On 26-1-1950 the suit at Alipore was compromised on certain terms. One of such terms was that the Head Master would render accounts of all receipts and disbursements from 15-1-1950 supported by vouchers and other papers. Another term was that the salaries drawn by the Head Master and the staff till date would be deemed to have been paid as their salaries. There was a further term that things done by the Head Master in good faith would be ratified. On 31-7-1950 the University by a letter communicated to Someswar Mukherjee that the Vice Chancellor and the Syndicate desired to inform him that the managing committee constituted on 14-5-1950 was not approved of by the University and the old managing committee should continue to function until further orders.

10. As Mr. Someswar Mukherjee asserted his rights to interfere with the management of the school a second suit was filed at the instance of the new committee constituted by R.M. Sen and others in the Alipore Court being suit No. 705 of 1950 on 2-8-1950. On 7-8-1950 Mr. Sen the Secretary of the new committee wrote to the Registrar of the University enquiring why no approval of the new committee bv the University was forthcoming. On 8-8-1950 Mr. Sen received a reply from the Assistant Registrar that his letter was receiving, attention. On the 10th of August Mr. Sen asked for an interview with the Vice Chancellor and on the 24th of August he was granted an interview by the Vice Chancellor. In the meantime on 11-8-1950 certain criminal proceedings under Section 144, Criminal P. C. were started before the District Magistrate at the instance of Someswar Mukherjee and his supporters and an ex parte injunction was obtained. But in view of the pendency of the civil suit before the Munsiff the injunction made by the District Magistrate was withdrawn by him on 31-8-1950.

It appears that thereafter on 3-9-1950 the general committee of the South Suburban School re-elected the old committee constituted by Someswar Mukherjee and others. On 7-9-1950 the Munsiff granted an interim injunction in the second suit restraining the old committee from interfering with the R.M. Sen Committee, On 11-9-1950 the District Judge granted a stay of the operation of the injunction order passed by the Munsiff. On 18-9-1950 the University approved of the old managing committee reconstituted on 3rd of September as aforesaid. On 21-9-1950 the Vice Chancellor wrote a letter to Mr. R.M. Sen in reply to a letter written by Mr. Sen to him on the previous date. The learned Vice Chancellor pointed out that Mr. Sen did not mention before him on the date that he had interview with the Vice Chancellor the fact that his committee formed on 14-5-1950 was not approved by the Syndicate and by the order of the Syndicate the old committee was allowed to function; and the Vice Chancellor made it clear that he was not going to override the decision of the Syndicate, and the committee approved by the Syndicate would function.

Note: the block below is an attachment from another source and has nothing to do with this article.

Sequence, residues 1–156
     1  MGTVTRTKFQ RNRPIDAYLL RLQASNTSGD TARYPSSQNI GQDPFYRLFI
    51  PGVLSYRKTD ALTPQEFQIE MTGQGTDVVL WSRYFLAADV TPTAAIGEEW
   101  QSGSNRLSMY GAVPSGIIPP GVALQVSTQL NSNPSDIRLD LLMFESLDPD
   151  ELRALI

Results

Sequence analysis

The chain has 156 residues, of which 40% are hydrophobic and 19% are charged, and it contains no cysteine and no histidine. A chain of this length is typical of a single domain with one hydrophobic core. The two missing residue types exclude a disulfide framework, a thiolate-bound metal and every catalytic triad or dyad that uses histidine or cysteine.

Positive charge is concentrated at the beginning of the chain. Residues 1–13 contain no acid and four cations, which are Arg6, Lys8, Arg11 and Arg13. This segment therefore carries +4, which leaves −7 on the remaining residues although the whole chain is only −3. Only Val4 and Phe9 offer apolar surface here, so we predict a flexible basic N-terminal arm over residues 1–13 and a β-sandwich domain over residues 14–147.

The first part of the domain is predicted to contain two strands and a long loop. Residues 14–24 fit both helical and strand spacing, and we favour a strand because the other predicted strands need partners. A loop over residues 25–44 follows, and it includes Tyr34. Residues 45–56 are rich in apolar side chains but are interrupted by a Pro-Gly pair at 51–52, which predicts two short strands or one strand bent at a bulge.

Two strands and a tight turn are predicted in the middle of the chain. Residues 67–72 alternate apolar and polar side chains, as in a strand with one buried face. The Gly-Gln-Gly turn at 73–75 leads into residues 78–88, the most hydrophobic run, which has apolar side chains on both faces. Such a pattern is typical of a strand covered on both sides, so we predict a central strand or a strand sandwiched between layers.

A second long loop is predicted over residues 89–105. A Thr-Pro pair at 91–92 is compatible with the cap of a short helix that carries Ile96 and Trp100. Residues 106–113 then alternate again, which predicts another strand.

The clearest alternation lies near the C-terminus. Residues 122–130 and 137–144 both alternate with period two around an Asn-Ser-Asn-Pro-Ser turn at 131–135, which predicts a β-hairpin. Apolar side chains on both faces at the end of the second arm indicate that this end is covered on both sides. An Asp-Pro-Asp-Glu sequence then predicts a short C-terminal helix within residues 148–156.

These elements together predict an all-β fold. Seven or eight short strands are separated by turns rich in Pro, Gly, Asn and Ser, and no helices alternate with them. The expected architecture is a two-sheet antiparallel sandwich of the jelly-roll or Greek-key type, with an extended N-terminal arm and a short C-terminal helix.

On 6-10-1950 the University acting upon the complaint received from some teachers of the school to the effect that Mr. Sanyal -was still wrongfully interfering with the management of the school, passed a resolution calling upon Mr. Sanyal to show cause by 10-11-1950 why he should not be debarred from working in any school as a teacher. On the same date a third suit was filed at the instance of the R.M. Sen committee in Alipore being suit No. 841 of 1950 and the University was made a party to this suit. It may be noted that the university was not a party to the previous suits. Although the new R.M. Sen committee was not approved by the University and although the University disapproved of the interference with the management of the school by the Head Master Mr. Sanyal, the latter held a test examination between 7-12-1950 and 12-12-1950 in which the petitioners and certain other students of the school appeared and sat for the examination. On 12-12-1950 Mr. R.M. Sen wrote a letter to the University intimating that there was a rumour that the test examination held by Mr. Sanyal, the Head Master, would not be acceptable to the University and pointed out that if that was so then such thing would be most improper. Thereafter it appears that the University issued the Notice dated 18-12-1950 to the effect that only such students who passed the test examination held by Subal Chandra Pal the officiating Head Master would be allowed to sit for the Matriculation Examination of the University to be held in 1951.